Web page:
When a band gets together to go over rough mixes, our writer finds, everybody needs to bring an open mind, especially the one who did the rough mixes.

I’m currently mixing an 11-song album project with a band that I play with. I’m the only one in the group who has a studio and mixing skills, so I’ve been doing the initial work myself—cleaning up and editing tracks, setting basic levels, adding EQ, compression and ambience effects—basically getting a rough mix together. Then my bandmates attend mix sessions where we move the songs closer to completion. Nobody has final say; we’re co-producing the project.

Early on, these communal sessions were often stressful because some of the other band members asked for adjustments that went counter to my mixing instincts, and in some cases seemed to me to be really over the top. For example, requests to turn up lead elements (both vocal and instrumental) much louder than I would ever have considered, or to mix the drums lower than what most would consider normal.

Read more Mix Blog Studio: Spend Some Time With the Mute Button.

If I were working with clients, rather than bandmates, the situation would be more clear-cut. I could give them my opinions and try to convince them with A/B comparisons when they made odd suggestions, but in the end, if they wanted the vocal ridiculously loud or the kick way too low, I would go along with it.

But in a group-mixing situation, where there is no client and we all have more-or-less equal say, the ground rules are nonexistent. Going in, I had hoped that it would be obvious when something was or wasn’t working, a sort of meritocratic approach to mixing. But especially at the beginning, that was not the case.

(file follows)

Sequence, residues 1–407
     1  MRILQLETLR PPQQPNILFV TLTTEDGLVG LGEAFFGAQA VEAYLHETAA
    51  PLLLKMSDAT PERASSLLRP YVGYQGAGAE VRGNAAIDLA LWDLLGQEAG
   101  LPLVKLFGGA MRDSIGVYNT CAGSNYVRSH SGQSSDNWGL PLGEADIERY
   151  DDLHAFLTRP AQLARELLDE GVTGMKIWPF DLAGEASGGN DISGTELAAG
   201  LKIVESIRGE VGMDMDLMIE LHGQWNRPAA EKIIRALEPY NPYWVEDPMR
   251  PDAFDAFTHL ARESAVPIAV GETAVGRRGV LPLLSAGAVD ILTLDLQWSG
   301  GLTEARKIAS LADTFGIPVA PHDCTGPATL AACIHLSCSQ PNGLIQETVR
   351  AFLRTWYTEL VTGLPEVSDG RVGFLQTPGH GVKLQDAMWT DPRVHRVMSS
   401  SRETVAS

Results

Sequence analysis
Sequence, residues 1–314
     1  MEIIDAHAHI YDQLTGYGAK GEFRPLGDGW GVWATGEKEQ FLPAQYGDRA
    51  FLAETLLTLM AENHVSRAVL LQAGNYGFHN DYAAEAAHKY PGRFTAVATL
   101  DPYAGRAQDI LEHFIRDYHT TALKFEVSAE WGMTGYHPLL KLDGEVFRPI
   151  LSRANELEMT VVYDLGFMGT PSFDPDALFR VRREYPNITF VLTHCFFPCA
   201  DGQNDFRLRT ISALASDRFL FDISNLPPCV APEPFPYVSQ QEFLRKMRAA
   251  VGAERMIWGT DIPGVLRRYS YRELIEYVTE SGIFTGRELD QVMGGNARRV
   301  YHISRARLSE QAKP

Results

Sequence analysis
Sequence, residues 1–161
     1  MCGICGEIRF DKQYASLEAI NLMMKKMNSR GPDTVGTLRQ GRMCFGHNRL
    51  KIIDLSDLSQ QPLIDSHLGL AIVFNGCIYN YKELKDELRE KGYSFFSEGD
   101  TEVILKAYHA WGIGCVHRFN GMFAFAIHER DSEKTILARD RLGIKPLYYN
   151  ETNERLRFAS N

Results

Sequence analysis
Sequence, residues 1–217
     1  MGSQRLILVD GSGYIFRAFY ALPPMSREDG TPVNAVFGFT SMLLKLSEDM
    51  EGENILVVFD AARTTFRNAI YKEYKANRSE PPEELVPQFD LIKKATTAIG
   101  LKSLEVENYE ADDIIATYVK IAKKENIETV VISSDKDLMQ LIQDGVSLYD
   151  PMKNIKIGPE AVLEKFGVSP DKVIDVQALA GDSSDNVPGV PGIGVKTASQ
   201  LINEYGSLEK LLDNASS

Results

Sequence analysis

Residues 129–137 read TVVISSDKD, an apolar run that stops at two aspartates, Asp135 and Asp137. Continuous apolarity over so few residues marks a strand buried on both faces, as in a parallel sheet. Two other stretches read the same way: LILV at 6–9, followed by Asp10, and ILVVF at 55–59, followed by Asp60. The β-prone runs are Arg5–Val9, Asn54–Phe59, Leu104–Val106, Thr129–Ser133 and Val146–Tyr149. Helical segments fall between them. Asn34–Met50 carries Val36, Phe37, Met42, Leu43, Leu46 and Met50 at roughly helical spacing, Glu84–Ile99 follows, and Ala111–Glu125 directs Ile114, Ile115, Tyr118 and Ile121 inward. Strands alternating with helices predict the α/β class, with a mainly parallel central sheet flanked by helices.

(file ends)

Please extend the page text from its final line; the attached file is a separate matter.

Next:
After a few tough sessions, I realized that I needed to chill out a little and pick my battles, rather than arguing against everything that went against what I thought was best for the song. Thankfully, the other band members had a corresponding change of attitude, and ever since then, the sessions have been considerably less stressful and much more productive.

The biggest takeaway for me has been that while it has at times been difficult to come to a consensus about particular aspects of a mix, the disagreements and back and forth have often proved fruitful. Combining creative visions can bring an infusion of new ideas. When tempered a bit, some of their out-of-the-box suggestions have worked quite well. It made me realize that it’s easy to get stuck in one’s own vision of what a mix should sound like, and having other voices chiming in can provide a fresh perspective.

Still, I wouldn’t want to mix like this all the time—it’s more time-consuming and stressful than working alone. But if the situation is genuinely collaborative—that is, everyone keeps an open mind to each other’s ideas—the sum of collective creativity can be greater than the parts.